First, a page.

Why Scientists Are Blown Away By Webb Telescope's Chemical Fingerprint Of A Hot Gassy Giant

gas giant exoplanet
NASA's Webb space telescope has revealed an exoplanet's atmosphere in a way never seen before. The highly-advanced telescope viewed the molecular and chemical profile of a distant planet's atmosphere, giving scientists and astronomers an idea of how clouds of this nature may look up close.

The James Webb Space Telescope (JWST) turned its extremely-sensitive instruments toward the atmosphere of WASP-39 b, a "hot Saturn" (a planet that is nearly as massive as Saturn, but in an orbit tighter than Mercury), which orbits a star approximately 700 light-years from Earth. The data collected has excited scientists, as they have been hopeful JWST could provide never before seen data concerning the atmospheres of smaller, rocky planets similar to those in the TRAPPIST-1 system.

"We observed the exoplanet with the multiple instruments that, together, provide a broad swath of the infrared spectrum and a panoply of chemical fingerprints inaccessible until (this mission)," remarked Natalie Batalha, an astronomer at the University of California, Santa Cruz, who helped coordinate the latest research. "Data like these are a game changer," she added.

The new findings have been the subject of five new scientific papers, three being in press and two under review. Perhaps the most intriguing realization to emerge is the first-ever detection of sulfur dioxide in an exoplanet's atmosphere. Sulfur dioxide is "a molecule produced from chemical reactions triggered by high-energy light from the planet's parent star," NASA explains. As an example, the protective ozone layer in the upper atmosphere here on Earth is created in a similar method.

gas exoplanet charts

"This is the first time we see concrete evidence of photochemistry - chemical reactions initiated by energetic stellar light - on exoplanets," explained Shang-Min Tsai, a researcher at the University of Oxford in the United Kingdom, and co-author of the paper explaining the origin of sulfur dioxide in WASP-39 b's atmosphere. "I see this as a really promising outlook for advancing our understanding of exoplanet atmospheres with (this mission)."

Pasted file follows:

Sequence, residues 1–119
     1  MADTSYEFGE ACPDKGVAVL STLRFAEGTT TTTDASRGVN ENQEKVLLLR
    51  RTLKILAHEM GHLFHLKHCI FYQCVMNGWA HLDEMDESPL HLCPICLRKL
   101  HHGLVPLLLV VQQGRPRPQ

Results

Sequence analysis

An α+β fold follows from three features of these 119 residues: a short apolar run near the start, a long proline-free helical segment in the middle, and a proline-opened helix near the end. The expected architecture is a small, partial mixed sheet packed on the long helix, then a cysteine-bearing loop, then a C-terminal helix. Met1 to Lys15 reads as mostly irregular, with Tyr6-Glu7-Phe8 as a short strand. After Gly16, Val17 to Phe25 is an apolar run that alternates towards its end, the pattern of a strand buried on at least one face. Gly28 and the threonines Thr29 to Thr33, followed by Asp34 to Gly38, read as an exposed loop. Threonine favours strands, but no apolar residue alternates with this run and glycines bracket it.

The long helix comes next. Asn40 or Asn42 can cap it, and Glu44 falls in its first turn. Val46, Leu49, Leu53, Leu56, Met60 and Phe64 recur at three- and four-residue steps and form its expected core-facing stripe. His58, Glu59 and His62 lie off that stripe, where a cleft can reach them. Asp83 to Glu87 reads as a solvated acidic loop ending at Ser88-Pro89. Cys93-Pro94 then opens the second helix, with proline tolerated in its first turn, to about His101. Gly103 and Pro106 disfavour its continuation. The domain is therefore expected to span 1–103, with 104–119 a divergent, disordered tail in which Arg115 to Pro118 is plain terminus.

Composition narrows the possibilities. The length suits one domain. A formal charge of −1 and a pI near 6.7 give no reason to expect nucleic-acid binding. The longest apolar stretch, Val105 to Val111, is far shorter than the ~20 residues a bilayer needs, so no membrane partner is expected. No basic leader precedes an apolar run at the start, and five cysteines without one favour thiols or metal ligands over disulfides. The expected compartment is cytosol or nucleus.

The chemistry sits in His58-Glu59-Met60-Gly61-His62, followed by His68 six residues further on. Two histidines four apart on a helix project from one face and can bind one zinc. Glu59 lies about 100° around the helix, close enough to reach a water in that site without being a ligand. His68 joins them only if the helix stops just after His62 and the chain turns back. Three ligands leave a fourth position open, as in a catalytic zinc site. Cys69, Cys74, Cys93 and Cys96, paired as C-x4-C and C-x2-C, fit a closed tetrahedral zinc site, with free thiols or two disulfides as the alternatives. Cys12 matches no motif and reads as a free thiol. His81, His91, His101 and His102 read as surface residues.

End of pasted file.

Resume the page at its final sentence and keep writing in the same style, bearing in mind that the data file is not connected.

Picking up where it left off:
The discovery of sulfur dioxide in the atmosphere of WASP-39 b led to another first, scientists applying computer models of photochemistry to data that needs such physics to be explained. The hope is that doing this will improve future models to have the "know-how to interpret potential signs of habitability in the future."

In order to detect light from WASP-39 b, Webb tracked the planet as it moved in front of its host star. This allowed some of the star's light to filter through the exoplanet's atmosphere. Other atmospheric materials detected by Webb include sodium, potassium, and water vapor. This confirmed past space and ground-based telescope observations, along with finding new fingerprints of water, which have never been seen before.

"We had predicted what (the telescope) would show us, but it was more precise, more diverse, and more beautiful than I actually believed it would be," stated Hannah Wakeford, an astrophysicist at the University of Bristol in the United Kingdom.

According to Laura Flagg, a researcher at Cornell University and a member of the international team that participated in the findings, scientists and astronomers are going to be able to see the "big picture of exoplanet atmospheres." She concluded that knowing everything will be rewritten, "is one of the best parts of being a scientist.